In the words of the perfumer herself:
"Just as T. Gautier was inspired by the luscious colors of Delacroix, I found the sensuously atmospheric descriptions throughout the love story to evoke otherworldly perfumes and luminosities.
The phrase “A twilight blue oriental perfume” most captured my imagination from the first time I heard it along with the image of faded flowers along side a bed of gold and silver, attended by a negro page wearing black velvet holding an ivory cane; and the satiny hand of “Clarimonde” as she lay dying. This cool, almost misty scene that might have been a last glimpse of Clarimonde paired with an alternate universe of warm opulence in Venice were always shimmering in my mindʼs eye as I created “Paradise Lost”.
( As you can tell, I do not want to give away too much of the story for those who have not read it).
The colors always flickering and wafting about my mind were cool periwinkle blue, the rich cobalt of “the blue hour”, faded terre verte earth & faded pinks, golden naples yellow, vermillion, deepest black velvet and oxblood.
This Bronzino portrait was also a great source of inspiration. (Thank you Alexis Karl for bringing it to my attention).
*********************************************I find this an immediately graceful and purely lovely perfume. It begins like a fast run along the keys of a harpsichord, hitting warm golden highs and then develops into cool mentholated orris, and violet without sweetness, then separates out for a few of the floral notes that come up and reach into the air for a moment. I catch a transitory scent of iron, like blood, a cool metallic tone that still allows room for the amber in the base. I assume the sable fur is an accord. The dry airy warmth of thick fur makes a haze in the background against which sharper foreground notes stand out.
Paradise Lost Perfume:
perfume notes: topnotes: wild blue chamomile, immortelle,
pressed violets, golden champaca
heart notes: faded flowers, candlewax, oriental lotus, black orris
basenotes: sable fur, fossilized amber, myrrh gum,
bloody sweet accord, mitti "
DSH drew inspiration also from this Bronzino portrait of a lady. I see this style as fully inhabiting an era that revered aristocratic beauty as defined by tremendous discipline in self-presentation.
The most similar vestige left of this manner of being in the present day is the female ballet dancer. The erect posture and gestures of the hands are cultivated with elegance and self control as the ideal form. This perfume is very much within that type of aristocratic, elegant, and composed manner of beauty. This might be the fragrance of a great lady among her silks and wealth.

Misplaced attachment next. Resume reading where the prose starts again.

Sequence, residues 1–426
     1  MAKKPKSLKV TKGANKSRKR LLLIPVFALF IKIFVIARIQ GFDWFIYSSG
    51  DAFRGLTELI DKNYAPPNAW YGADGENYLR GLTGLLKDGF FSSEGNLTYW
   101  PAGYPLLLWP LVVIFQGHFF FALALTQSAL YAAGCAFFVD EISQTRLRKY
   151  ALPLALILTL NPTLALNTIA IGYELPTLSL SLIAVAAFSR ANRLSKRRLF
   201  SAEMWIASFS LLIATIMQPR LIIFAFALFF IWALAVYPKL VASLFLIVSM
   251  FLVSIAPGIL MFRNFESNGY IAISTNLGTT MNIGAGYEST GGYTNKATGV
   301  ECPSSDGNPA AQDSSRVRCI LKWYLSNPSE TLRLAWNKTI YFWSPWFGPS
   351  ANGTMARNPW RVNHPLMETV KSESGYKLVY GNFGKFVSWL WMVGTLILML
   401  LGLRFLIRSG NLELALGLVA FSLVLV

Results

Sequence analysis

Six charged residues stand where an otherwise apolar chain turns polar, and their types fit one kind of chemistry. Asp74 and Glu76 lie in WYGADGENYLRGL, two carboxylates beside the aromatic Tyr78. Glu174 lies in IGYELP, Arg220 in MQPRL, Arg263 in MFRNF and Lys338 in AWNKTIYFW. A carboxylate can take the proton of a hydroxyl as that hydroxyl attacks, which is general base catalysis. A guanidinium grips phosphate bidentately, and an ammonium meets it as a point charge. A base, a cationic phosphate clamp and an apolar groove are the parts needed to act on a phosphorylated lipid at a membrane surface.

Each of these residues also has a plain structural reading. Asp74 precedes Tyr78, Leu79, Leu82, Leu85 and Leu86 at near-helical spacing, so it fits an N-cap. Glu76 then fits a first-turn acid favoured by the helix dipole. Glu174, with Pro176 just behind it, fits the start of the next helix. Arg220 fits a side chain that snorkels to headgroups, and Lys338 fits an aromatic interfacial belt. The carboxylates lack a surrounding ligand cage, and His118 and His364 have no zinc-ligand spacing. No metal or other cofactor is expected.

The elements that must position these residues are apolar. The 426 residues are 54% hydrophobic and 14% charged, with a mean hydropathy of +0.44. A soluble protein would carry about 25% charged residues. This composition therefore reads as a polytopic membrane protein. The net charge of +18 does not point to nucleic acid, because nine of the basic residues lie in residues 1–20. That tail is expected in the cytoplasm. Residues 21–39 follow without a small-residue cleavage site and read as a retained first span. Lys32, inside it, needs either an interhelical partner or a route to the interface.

There is a strong sense of movement and development from the initial symphonic combination of all the notes to the separating out into individual ones. Fleeting moments of the metallic blood accord, and the violet and dry immortelle reach out, and then the fragrance moves on to the dry down and a sense that the skin has been perfumed clear through. As if it had soaked in, and become part of the wearer's identity and signature.
There is something fiercely intelligent about this form of elegance. I can imagine this as something that an Audrey Hepburn type would wear (she was a ballet dancer before becoming an movie actress, and you can see that she always composed herself in that graceful, perfectly light and erect way).
This is a limited edition. 13 “Paradise Lost” Perfumes are being produced and include an Art Nouveau, Paris-made charm bottle in silver and ochre colored glass with 5 ml of perfume. Please contact the perfumer at her site if you wish to obtain a sample.
The name of the perfume, Paradise Lost, refers to the beauty and regret called up by the story of Clarimonde. It also recalls the great poem by Milton, which was most concerned with spirituality, so it is a well chosen name for this particular circumstance. The little Art Nouveau flacons are of the era of the translation of Clarimonde by Lafcadio Hearn. The idea of wearing this perfume around the neck also recalls the favorite point of passion of the vampires of legend, even if this vampire in particular was far more gentle and affectionate than the frightening ones we know today. Perhaps that is what makes Clarimonde and Paradise Lost all the more seductive and dangerous.
Above, Bronzino portrait of Lucrezia Panciatichi
1540; Oil on wood; Uffizi
Photo by me of the flacon.
Please see The Clarimonde Perfume Project site for links to the story in both audio and ebook form (free downloads) and all the other posts about this perfume and the others by the wonderful writers in this project.
Disclosure: I received the sample of perfume and flacon courtesy of the perfumer but have not received and do not accept compensation for this or any of my descriptions and personal opinions on perfumes.
Copyright 2011, Lucy Raubertas, all rights reserved.